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We caught up with Michael Macdonald of The Harley Street Heart & Vascular Centre to discuss how stress affects the heart?

When your body perceives a threat, it increases the production of stress hormones like adrenaline that alter the way multiple systems in your body function i.e. digestion and immune systems.  When the threat diminishes the hormone, levels return to normal. 

Work-related stress can lead to chronic activation of the stress response, that can have a negative impact, particularly on the heart and blood vessels leading to an increased risk of heart attack, stroke, heart failure and death. In addition to the way stress affects the body, it also leads to over-eating, obesity, inactivity, alcohol excess, smoking, and social isolation.

Stress management techniques can definitely play a part in the reduction of a person’s risk for heart disease; however, they cannot be used in isolation. To properly manage someone’s risk of heart disease you need to take a holistic approach and examine all of a person’s risk factors: blood lipids, blood pressure, glucose profile, lifestyle, family history, obesity, stress, co-morbid disease.

The reason for this is that risk factors are often inter-related and cannot be managed in isolation. Once a person’s full risk profile has been determined, a comprehensive, risk management plan can be tailor-made for the individual.

Top tips for stress management

Stress in the workplace is often driven by a perceived lack of job control, excessive job demands and lack of social support in the workplace. Start by trying to manage your workplace stress by speaking with your HR department or boss. If you are unable to effect changes in your job to manage your stress, there are simple lifestyle changes that will help you combat excess stress.

  1.       Sleep. Always try to get 7-8 hours a night. We all know how seemingly minor things can annoy us when we are tired!
  2.       Exercise. Too many benefits to list! Exercise impacts multiple cardiovascular risk factors in one go combat the feelings of stress and makes you feel good. It is a true panacea!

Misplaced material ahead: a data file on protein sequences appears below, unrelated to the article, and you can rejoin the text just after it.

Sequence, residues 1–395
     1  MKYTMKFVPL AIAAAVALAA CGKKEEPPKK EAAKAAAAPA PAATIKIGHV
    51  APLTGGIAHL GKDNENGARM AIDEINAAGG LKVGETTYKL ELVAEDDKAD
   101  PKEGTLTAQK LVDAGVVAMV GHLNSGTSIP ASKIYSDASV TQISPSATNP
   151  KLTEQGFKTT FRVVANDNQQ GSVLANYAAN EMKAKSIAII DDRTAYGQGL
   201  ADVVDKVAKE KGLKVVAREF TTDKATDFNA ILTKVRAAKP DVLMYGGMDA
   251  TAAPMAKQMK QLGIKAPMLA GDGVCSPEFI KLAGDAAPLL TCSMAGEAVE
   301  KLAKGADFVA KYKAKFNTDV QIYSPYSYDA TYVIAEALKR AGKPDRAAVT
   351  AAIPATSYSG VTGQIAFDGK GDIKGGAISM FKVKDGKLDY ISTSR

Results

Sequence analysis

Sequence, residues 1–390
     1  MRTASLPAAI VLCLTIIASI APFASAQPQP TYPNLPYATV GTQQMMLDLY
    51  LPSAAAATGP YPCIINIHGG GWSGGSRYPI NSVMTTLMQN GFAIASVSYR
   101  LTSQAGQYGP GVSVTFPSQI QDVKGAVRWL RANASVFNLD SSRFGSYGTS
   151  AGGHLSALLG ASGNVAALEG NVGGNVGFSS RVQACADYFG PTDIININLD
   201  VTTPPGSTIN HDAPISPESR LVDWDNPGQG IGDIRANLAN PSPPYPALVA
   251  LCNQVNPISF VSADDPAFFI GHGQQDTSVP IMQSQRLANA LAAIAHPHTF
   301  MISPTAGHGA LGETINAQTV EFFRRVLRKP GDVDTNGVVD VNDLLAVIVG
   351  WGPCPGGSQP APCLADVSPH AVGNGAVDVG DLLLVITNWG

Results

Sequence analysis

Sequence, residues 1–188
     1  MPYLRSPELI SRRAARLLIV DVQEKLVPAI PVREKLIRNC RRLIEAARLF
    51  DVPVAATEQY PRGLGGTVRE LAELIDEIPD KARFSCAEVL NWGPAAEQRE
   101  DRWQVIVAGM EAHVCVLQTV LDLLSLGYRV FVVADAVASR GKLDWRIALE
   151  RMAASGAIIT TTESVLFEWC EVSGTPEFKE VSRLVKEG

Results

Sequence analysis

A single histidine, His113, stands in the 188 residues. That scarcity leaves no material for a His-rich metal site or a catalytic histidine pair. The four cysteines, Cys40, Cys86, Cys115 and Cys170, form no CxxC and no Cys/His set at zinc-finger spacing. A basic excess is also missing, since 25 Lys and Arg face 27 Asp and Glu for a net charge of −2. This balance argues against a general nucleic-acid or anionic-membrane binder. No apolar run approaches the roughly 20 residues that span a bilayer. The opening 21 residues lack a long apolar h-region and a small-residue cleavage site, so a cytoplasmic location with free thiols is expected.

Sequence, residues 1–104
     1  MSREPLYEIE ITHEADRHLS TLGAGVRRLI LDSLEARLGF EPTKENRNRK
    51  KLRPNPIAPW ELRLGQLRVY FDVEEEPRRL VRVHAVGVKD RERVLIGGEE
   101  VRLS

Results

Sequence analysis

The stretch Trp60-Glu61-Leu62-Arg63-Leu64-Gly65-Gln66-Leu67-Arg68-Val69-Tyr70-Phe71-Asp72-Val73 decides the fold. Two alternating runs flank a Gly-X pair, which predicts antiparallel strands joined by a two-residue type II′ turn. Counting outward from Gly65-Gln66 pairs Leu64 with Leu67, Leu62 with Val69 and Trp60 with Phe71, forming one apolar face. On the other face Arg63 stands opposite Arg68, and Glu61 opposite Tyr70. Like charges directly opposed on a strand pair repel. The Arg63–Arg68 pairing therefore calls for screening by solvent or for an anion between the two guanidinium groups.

3.       Reduce alcohol. It is too easy to reach for a glass of wine (or two!) if you are stressed, but too many and it impacts sleep, increases blood pressure and weight and compounds the stress response.
  4.       Socialise. People under stress often isolate themselves. Try to stay connected with friends and family
  5.       Meditation – there is increasing evidence that meditation can lower your risk and help combat stress and improve general well-being. Just 10 minutes a day can help. I recommend the Headspace app as a great tool to get you started.

If you are worried about your health or the effect stress is having on your heart, make an appointment so see your cardiologist in Singapore for an assessment.

 

About the Contributor : Dr Michael MacDonald moved to Singapore with his family in 2015. They instantly fell in love with the country and are now permanent residents. In his free time, Dr MacDonald enjoys an active life, cycling and working out several times a week.

He also enjoys fishing with his son and has recently taken up golf. “I love to keep moving; exercise and healthy living are my passion. This is a huge part of my motivation in working as a cardiologist. I want people to attain their best level of fitness and health, so they can enjoy their lives!”

Contact Dr. Michael for a consultation today!

Comments

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Richard
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813 comments
28 November 2019
What a fantastic article, thanks for sharing!
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